Children of a Lesser God is a 1986 film that, we believe, brought Deaf Culture and the values of deaf people into the public spotlight. If you have never seen it, you will be blown away.
The movie stars William Hurt, Marlee Matlin, Piper Laurie, and Philip Bosco. The film was directed by Randa Haines, and was adapted by Mark Medoff, Hesper Anderson, and James Carrington from Medoff’s award-winning play that has the same name as this film. This play ran on Broadway from 1980-1982.
Marlee Matlin won the Academy Award for Best Actress from her debut role as Sarah Norman in this movie. She was only twenty-one years old–the youngest actress to receive this honor.
This film was also nominated for an Academy Award for Best Actor for William Hurt, Best Supporting Actress for Piper Laurie, Best Writing for an Adapted Screenplay, and Best Picture.
Children of a Lesser God tells the both tragic and beautiful story of Sarah Norman, played by Marlee Matlin, who works at a speech school for the deaf. She is a troubled and frustrated young woman. James Leeds, a new teacher at the school, played by William Hurt, encourages her to learn how to speak. Sarah already uses sign language as her primary language, and resists James’s attempts. She doesn’t think she needs to learn how to speak.
They begin having feelings for each other, and end up living together. Their differences and stubbornness strains their relationship. James still tries to get Sarah to talk, and she simply does not want to. Sarah then leaves and returns to the home of her mother, whom she is trying to reconcile with. Of course, Sarah and James realize they need each other, and Sarah returns to him.
This movie is a great representation of the world of Deaf Culture and how it interacts with hearing culture. The hearing culture constantly wants deaf people to speak and become more like hearing people, while the deaf want to remain as they are.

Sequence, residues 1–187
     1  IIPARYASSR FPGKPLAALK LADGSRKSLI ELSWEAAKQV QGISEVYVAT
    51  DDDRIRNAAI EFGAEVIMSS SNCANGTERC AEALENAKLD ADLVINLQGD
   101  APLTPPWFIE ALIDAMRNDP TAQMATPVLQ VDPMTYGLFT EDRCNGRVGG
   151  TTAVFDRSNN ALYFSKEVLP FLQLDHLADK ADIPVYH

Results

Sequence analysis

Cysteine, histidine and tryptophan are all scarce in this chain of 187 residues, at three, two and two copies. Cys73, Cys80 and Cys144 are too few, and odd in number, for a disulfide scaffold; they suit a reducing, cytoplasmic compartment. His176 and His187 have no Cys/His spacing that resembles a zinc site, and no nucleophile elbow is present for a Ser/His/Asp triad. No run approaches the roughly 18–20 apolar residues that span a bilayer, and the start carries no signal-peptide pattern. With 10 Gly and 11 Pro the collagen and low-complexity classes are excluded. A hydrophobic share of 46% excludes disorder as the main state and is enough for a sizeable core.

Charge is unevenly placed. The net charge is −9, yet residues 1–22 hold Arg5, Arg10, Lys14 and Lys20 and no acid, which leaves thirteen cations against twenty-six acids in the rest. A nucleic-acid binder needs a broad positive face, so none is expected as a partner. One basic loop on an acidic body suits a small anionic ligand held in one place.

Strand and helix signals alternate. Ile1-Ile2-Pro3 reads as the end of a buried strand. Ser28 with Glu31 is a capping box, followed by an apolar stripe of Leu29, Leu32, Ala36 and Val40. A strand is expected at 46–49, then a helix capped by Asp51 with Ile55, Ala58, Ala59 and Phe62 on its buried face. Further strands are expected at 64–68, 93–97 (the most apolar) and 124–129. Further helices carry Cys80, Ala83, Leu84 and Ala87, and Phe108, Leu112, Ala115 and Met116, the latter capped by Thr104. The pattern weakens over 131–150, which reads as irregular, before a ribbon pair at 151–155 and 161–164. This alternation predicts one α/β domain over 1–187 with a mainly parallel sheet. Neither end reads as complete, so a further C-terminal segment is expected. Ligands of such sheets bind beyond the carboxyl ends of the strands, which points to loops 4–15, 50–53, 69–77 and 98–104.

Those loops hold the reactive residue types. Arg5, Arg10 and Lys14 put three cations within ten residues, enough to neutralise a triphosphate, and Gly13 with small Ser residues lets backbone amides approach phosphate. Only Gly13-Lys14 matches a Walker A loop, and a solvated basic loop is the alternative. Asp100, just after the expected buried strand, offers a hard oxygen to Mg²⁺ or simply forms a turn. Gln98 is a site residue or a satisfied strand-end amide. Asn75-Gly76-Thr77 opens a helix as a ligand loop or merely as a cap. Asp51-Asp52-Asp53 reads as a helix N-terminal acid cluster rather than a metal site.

If you have not seen this movie, you definitely need to if you want to be a part of the Deaf Community. You will gain so much more understanding just by watching it.
A Place Where We Can Meet
by Jim Sautner | 2019
I just watched a really good movie called “Children of a Lesser God”.
It’s a love story between a hearing man and a deaf woman.
There’s a lot of conflict between the hearing man, played by William Hurt, and the deaf woman, played by Marlee Matlin.
Their conflict personifies the conflict played out in real life between the hearing world and the deaf world.
The hearing and the deaf don’t often understand each other. We don’t always get along with each other.
William Hurt’s character is a hearing teacher. He teaches at a deaf school and wants to “help” deaf students by teaching them to speak. He knows the world is largely a hearing world and he believes it’s best for deaf people to learn to manage in the world by being able to use their voice, not just their hands, to communicate.
Marlee Matlin’s character is a deaf cleaning lady at the deaf school. She was a former student at the school but has stayed there to work. She has no interest in using her voice. She’s been deeply hurt by the hearing world and what it wants. She wants to be accepted as a deaf person. She wants hearing people to make an effort to learn about her and her language. She’s offended that hearing people want her to use her voice but they never make an effort to learn sign language.
As they get closer to each other the tension increases. William Hurt not only wants to help Marlee Matlin, he also wants to truly get to know her. Marlee Matlin seriously doubts this is possible and leaves the deaf school to get space between herself and William Hurt. She feels she’s becoming too much what William Hurt (hearing people) wants and not truly who she is as a deaf person.
It’s as though they’re living in two separate worlds. Hurt lives in a world of sound. Matlin lives in a world of silence.
They love each other but can they live with each other? It’s not a problem that can be solved.
But maybe it’s a tension that can be managed? Near the end of the movie, as Matlin comes back to Hurt to try and make the relationship work again, Hurt asks a poignant question,
“Do you think there’s a place where we can meet? Not in silence?
Not in sound?”
With that they embrace and kiss and the movie ends.
I believe the answer is, “Yes”. There’s a place where hearing and deaf people can meet. It doesn’t have to be only in silence or only in sound. It will require both sides to move toward each other, learn the language of the other, and make an effort.
A genuine relationship and connection is possible between the Hearing and the Deaf through mutual respect, love, and understanding… and effort.